While the documents have now been removed from GitHub, where they were first posted, the identity and motivations of the person, or people, who leaked them remains a mystery. However, Chang says the documents appear to be real, a fact confirmed by two employees working for i-Soon, according to the Associated Press, which reported that the company and police in China are investigating the leak.

“There are around eight categories of the leaked files. We can see how i-Soon engaged with China’s national security authorities, the details of i-Soon’s products and financial problems,” Chang says. “More importantly, we spotted documents detailing how i-Soon supported the development of the notorious remote access Trojan (RAT), ShadowPad,” Chang adds. The ShadowPad malware has been used by Chinese hacking groups since at least 2017.

Since the files were first published, security researchers have been poring over their contents and analyzing the documentation. Included were references to software to run disinformation campaigns on X, details of efforts to access communications data across Asia, and targets within governments in the United Kingdom, India, and elsewhere, according to reports by the New York Times and the The Washington Post. The documents also reveal how i-Soon worked for China’s Ministry of State Security and the People’s Liberation Army.

According to researchers at SentinelOne, the files also include pictures of “custom hardware snooping devices,” such as a power bank that could help steal data and the company’s marketing materials. “In a bid to get work in Xinjiang–where China subjects millions of Ugyhurs to what the UN Human Rights Council has called genocide–the company bragged about past counterterrorism work,” the researchers write. “The company listed other terrorism-related targets the company had hacked previously as evidence of their ability to perform these tasks, including targeting counterterrorism centers in Pakistan and Afghanistan.”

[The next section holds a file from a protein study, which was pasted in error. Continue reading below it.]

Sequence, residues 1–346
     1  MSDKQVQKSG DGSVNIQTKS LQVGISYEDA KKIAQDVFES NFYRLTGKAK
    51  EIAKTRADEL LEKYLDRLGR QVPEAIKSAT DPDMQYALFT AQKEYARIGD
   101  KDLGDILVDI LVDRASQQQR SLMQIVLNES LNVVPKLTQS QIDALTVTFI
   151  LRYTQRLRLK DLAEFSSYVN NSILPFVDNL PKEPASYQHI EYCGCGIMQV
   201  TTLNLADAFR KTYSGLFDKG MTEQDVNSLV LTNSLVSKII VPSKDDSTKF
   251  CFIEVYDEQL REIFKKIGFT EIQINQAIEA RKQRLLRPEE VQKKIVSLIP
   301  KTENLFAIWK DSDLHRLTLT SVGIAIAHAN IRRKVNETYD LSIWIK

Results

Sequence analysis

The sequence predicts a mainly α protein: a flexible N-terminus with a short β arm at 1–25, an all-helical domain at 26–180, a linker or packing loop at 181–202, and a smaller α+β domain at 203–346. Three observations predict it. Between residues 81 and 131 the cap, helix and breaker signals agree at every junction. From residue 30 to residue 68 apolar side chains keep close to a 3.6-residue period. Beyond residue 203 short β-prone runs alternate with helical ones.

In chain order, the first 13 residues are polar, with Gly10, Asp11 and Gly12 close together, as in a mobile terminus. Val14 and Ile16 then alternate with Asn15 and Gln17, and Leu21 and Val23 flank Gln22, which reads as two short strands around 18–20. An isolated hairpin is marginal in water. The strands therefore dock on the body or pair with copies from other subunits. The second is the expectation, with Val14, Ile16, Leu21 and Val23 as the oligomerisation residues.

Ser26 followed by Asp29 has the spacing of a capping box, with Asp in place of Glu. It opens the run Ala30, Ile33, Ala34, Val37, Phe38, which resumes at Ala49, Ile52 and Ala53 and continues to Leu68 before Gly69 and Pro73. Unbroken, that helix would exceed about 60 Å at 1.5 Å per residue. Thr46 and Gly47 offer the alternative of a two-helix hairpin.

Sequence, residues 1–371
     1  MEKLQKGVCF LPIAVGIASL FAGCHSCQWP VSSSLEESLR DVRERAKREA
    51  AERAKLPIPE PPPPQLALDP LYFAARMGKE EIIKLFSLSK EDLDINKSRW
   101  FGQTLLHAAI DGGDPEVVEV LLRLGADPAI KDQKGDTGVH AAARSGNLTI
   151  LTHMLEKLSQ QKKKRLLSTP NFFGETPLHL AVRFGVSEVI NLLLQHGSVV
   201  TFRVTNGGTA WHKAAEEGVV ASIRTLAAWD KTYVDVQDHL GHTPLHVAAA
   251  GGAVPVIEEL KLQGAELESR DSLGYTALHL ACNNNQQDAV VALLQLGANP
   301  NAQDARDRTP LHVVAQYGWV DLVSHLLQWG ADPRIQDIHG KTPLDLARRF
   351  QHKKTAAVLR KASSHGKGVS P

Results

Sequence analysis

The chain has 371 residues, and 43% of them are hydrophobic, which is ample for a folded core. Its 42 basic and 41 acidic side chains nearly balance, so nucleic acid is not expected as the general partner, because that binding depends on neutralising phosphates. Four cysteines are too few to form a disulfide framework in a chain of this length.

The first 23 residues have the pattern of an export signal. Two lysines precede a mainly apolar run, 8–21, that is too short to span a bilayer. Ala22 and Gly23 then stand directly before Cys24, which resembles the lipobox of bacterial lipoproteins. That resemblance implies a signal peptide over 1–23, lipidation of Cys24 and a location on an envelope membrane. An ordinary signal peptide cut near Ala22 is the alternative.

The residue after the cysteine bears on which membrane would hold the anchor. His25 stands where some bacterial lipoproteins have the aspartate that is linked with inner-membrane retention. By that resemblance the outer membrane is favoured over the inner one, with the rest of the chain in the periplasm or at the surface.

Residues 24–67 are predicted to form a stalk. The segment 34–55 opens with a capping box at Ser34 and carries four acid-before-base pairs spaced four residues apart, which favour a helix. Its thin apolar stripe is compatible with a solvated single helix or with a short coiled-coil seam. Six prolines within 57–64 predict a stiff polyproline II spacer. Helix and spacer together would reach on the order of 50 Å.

The Federal Trade Commission has fined antivirus firm Avast $16.5 for collecting and selling people’s web browsing data through its browser extensions and security software. This included the details of web searches and the sites people visited, which, according to the FTC, revealed people’s “religious beliefs, health concerns, political leanings, location, financial status, visits to child-directed content and other sensitive information.” The company sold the data through its subsidiary Jumpshot, the FTC said in an order announcing the fine.

The ban also places five obligations on Avast: not to sell or license browsing data for advertising purposes; to obtain consent if it is selling data from non-Avast products; delete information it transferred to Jumpshot and any algorithms created from the data; tell customers about the data it sold; and introduce a new privacy program to address the problems the FTC found. An Avast spokesperson said that while they “disagree with the FTC’s allegations and characterization of the facts,” they are “pleased to resolve this matter.”

Two Chinese nationals living in Maryland—Haotian Sun and Pengfei Xue—have been convicted of mail fraud and a conspiracy to commit mail fraud for a scheme that involved sending 5,000 counterfeit iPhones to Apple. The pair, who could each face up to 20 years in prison, according to the The Register, hoped Apple would send them real phones in return. The fake phones had “spoofed serial numbers and/or IMEI numbers” to trick Apple stores or authorized service providers into thinking they were genuine. The scam took place between May 2017 and September 2019 and would have cost Apple more than $3 million in losses, a US Department of Justice press release says.

Security researchers from the US and China have created a new side-channel attack that can reconstruct people’s fingerprints from the sounds they create as you swipe them across your phone screen. The researchers used built-in microphones in devices to capture the “faint friction sounds” made by a finger and then used these sounds to create fingerprints. “The attack scenario of PrintListener is extensive and covert,” the researchers write in a paper detailing their work. “It can attack up to 27.9 percent of partial fingerprints and 9.3 percent of complete fingerprints within five attempts.” The research raises concerns about real-world hackers who are attempting to steal people’s biometrics to access bank accounts.


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